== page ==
Furthermore, an international meeting was co-hosted with the the International Federation of Red Cross and Red Crescent Societies (IFRC) and held in Fukushima. The meeting was joined by the IFRC and National Societies. By hosting and organizing this meeting, the JRCS made an international contribution in the field of nuclear disaster preparedness.
For the Digital Archives, “Information Portal on Nuclear Disaster”, which is a list of links to websites and webpages run by other organizations, was released and the smartphone and tablet versions began to be offered.
The development of the Guidelines was completed in March. The Guidelines were informed to related personnel within the JRCS and also published via the Digital Archives. Over the course of developing the Guidelines, some challenges that need to continue to be considered emerged. The JRCS will continue to discuss these challenges at “Meeting of Radiation Emergency Medical Care Advisors.”
On the sidelines of the IFRC General Assembly held in December 2015, the JRCS hosted a side event for nuclear emergency preparedness. During this event, the JRCS’s efforts and the outcome were presented to the National Societies.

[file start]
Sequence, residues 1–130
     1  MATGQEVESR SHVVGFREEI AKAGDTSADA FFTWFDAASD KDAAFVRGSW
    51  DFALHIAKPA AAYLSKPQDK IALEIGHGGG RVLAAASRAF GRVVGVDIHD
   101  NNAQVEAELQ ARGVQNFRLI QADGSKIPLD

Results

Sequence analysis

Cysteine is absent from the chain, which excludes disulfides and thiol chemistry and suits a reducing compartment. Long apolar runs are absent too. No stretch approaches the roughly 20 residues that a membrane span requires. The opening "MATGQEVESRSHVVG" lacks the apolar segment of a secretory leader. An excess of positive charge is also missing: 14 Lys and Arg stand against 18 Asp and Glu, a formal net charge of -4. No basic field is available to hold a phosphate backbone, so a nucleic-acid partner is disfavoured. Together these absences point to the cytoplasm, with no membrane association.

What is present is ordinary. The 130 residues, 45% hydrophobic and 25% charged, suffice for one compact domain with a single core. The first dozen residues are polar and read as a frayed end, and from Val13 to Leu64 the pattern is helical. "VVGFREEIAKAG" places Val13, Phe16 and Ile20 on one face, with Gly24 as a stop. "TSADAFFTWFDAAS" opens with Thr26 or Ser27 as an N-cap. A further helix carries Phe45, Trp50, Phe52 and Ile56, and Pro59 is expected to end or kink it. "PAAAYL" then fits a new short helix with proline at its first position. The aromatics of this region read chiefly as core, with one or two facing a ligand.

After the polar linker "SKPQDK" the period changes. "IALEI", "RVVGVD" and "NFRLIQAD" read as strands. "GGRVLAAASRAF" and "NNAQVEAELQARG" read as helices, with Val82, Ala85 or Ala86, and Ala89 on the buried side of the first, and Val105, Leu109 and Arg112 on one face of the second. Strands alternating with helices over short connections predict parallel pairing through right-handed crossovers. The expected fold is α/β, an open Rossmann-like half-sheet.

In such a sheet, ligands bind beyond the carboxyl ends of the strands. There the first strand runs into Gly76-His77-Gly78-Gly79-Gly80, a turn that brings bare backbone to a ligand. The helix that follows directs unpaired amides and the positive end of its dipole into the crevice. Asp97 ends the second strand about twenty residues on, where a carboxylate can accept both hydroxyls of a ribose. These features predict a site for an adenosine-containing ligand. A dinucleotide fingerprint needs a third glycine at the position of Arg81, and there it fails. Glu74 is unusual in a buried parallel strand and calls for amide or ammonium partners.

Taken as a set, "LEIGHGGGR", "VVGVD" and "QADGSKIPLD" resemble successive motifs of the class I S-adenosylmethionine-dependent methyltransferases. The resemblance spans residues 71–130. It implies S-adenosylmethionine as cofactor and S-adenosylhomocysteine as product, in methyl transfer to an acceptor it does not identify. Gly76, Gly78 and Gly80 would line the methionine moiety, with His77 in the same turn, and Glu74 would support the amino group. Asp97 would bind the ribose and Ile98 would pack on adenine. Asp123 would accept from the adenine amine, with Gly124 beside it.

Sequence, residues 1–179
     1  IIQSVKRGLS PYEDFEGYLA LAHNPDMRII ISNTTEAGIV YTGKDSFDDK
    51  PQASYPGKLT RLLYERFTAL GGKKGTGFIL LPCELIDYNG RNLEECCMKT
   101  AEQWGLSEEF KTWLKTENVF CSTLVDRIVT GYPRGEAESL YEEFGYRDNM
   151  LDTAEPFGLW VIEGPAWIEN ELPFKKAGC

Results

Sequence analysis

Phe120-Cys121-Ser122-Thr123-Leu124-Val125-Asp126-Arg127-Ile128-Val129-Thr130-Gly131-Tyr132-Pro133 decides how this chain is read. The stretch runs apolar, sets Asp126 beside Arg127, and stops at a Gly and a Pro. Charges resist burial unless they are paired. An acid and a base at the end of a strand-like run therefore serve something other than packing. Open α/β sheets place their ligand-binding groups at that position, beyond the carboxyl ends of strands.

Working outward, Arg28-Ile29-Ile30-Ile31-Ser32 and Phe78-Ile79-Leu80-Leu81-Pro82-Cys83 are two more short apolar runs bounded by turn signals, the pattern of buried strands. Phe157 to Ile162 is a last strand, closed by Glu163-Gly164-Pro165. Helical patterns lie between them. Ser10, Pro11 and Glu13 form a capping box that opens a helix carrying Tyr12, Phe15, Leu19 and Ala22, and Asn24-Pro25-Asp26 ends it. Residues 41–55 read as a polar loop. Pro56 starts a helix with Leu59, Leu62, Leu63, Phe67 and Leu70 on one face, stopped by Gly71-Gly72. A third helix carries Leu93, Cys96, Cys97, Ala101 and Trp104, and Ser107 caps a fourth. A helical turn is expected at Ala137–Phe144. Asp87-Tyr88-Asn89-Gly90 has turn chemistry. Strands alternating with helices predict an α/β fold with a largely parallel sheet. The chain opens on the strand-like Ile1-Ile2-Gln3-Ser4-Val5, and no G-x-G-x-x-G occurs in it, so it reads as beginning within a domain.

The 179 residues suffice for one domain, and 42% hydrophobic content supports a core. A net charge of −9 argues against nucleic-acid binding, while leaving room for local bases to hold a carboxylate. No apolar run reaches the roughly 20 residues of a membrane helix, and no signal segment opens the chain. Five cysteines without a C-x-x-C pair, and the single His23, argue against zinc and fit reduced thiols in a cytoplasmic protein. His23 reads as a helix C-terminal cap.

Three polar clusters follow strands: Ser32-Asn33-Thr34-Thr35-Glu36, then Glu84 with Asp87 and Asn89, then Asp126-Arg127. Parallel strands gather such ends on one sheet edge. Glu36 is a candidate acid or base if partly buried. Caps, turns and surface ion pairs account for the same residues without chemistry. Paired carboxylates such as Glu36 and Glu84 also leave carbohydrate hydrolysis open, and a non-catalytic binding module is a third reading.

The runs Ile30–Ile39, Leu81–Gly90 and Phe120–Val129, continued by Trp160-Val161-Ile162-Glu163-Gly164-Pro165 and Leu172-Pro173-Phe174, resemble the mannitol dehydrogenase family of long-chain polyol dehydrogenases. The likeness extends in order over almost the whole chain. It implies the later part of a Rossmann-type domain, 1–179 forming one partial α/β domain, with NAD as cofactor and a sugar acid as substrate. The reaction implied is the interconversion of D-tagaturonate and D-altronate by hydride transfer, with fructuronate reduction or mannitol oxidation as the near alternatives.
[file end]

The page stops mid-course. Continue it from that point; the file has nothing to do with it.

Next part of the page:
For the Digital Archives, the JRCS focused on sharing information about nuclear disaster preparedness and published special webpages on its nuclear disaster guidelines and efforts for nuclear disaster preparedness.
This year marked the 5th anniversary of the GEJET. On the Digital Archive, the recovery assistance programs by the JRCS Fukushima Chapter were introduced in a special webpage including how the programs were started, the challenges and the program details. Another special webpage was also published to present the efforts for nuclear disaster preparedness that the JRCS has made so far.
In March 2016, the Fourth Red Cross Nuclear Disaster Seminar was held. At this seminar, the participants tried to explore possible challenges in their communities by referring to the status quo of Fukushima Prefecture and the current issues facing the prefecture. They discussed what they could do for the future.